LONDON, Oct 26 ― The price of petrol in Britain hit a record high of 149.94 pence (RM8.51) per litre, the RAC motoring organisation said yesterday.
The previous record at the pumps, set in April 2012, was broken on Sunday as global oil prices rise dramatically, doubling from around US$40 a barrel a year ago to US$85 now.
The price of diesel fuel in Britain, at 146.5 pence a litre, is also nearing its 2012 record.
“This is truly a dark day for drivers, and one which we hoped we wouldn’t see again after the high prices of April 2012,” said RAC fuel spokesman Simon Williams.
“This will hurt many household budgets and no doubt have knock-on implications for the wider economy,” he added.
“The big question now is: where will it stop and what price will petrol hit?”
Factors beyond the oil price hike have fed into the price rise at the pumps.
September’s switch to greener E10 petrol also played a part, as has the margin retailers are taking on every litre sold which is now greater than it was prior to the start of the pandemic.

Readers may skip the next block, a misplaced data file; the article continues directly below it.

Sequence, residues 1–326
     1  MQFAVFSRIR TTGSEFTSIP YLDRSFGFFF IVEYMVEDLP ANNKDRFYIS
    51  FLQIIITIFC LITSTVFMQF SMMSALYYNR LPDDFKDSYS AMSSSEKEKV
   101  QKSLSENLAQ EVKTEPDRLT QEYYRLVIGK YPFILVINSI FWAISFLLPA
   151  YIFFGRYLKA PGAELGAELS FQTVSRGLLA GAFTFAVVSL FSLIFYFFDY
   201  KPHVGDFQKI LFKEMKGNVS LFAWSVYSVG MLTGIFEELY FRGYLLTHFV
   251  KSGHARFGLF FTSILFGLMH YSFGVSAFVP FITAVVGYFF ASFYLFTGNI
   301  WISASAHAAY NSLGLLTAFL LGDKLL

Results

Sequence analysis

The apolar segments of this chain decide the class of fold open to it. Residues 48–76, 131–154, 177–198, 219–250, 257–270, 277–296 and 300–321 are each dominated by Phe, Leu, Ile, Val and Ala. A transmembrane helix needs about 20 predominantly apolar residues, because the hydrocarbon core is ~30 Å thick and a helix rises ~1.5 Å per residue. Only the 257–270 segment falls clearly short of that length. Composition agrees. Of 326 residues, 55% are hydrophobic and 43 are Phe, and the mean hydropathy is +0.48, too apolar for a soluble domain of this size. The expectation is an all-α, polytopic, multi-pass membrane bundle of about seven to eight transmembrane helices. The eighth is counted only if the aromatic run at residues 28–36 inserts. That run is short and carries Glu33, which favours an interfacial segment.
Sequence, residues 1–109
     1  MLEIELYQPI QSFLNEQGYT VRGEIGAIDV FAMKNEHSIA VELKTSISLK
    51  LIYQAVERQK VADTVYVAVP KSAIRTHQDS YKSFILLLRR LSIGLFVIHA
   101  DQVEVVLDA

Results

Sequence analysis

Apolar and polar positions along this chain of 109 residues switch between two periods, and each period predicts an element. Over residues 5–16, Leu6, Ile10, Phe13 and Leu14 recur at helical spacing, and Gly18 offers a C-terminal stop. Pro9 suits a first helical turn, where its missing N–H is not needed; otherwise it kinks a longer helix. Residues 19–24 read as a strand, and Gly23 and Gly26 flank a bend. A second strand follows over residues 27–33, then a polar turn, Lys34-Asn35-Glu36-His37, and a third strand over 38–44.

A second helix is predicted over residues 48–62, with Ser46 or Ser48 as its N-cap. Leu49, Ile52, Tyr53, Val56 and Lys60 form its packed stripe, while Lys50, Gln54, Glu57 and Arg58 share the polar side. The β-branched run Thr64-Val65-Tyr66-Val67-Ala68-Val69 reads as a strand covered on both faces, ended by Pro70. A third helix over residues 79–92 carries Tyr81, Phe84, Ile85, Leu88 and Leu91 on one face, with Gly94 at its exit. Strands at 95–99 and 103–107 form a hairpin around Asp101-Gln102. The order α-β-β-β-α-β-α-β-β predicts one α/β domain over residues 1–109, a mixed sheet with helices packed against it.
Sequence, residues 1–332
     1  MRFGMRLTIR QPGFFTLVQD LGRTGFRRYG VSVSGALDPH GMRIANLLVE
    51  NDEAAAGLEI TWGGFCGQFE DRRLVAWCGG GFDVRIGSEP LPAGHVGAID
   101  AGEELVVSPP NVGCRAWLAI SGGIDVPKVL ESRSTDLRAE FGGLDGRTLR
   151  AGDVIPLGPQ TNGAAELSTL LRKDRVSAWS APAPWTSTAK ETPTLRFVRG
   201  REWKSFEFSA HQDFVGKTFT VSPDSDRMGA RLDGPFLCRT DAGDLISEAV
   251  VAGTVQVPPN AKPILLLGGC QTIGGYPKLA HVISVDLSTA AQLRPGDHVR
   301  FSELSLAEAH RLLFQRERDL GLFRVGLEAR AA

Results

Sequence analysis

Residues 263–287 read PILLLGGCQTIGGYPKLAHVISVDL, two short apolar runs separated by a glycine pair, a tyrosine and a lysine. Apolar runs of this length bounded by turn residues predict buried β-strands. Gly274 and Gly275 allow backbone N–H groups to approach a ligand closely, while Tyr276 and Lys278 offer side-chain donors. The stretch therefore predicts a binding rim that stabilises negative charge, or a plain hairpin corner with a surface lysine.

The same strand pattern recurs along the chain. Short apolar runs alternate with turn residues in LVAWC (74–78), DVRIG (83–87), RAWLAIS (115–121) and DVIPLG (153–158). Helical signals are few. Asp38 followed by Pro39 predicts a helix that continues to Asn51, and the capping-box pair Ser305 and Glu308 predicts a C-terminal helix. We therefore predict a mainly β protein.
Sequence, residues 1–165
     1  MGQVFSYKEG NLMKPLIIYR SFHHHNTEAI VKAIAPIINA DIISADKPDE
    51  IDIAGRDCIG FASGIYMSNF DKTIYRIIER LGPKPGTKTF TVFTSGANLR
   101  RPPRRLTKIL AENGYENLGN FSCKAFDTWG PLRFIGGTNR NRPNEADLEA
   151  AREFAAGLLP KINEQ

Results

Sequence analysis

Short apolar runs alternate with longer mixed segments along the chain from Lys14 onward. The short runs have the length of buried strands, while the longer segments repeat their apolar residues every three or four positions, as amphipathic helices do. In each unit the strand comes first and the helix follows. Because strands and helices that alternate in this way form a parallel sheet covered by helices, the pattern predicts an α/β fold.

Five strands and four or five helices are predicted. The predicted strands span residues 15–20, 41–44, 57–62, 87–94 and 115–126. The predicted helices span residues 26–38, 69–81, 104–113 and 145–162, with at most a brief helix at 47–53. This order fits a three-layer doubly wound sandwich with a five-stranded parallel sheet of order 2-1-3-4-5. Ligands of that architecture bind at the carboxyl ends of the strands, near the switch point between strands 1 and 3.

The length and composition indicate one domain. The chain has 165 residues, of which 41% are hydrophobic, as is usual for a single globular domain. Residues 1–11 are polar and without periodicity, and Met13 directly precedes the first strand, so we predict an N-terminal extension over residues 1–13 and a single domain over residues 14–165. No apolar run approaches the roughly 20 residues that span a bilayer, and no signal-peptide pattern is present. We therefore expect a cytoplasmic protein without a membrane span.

On September 1, the bio content of unleaded petrol increased from 5 per cent ethanol to 10 per cent, and as ethanol is more expensive than petrol, it added around a penny a litre to the cost to motorists.
The biggest element of the price paid by British consumers is tax.
Duty at 57.95 pence a litre exceeds the combined bio and petrol components which amount to around 50 per cent, leading to calls from the RAC and others for the government to drop VAT on petrol to tame the price.
According to RAC data, the price of unleaded petrol has “rocketed” over the past year, adding £15 to the cost of filling up a family car.
Oil prices pressed higher on world markets yesterday, with the mail international contract, Brent, at a three-year high above US$86 per barrel. Meanwhile the main US oil contract, WTI, rose above US$85 for the first time since October 2014.
The latest gains for crude come after Saudi Arabia said Opec and other major producers would be cautious in lifting output despite surging demand, warning that the pandemic still posed a threat to the outlook.
Petrol prices at the pump have also broken records in France and Germany. ― AFP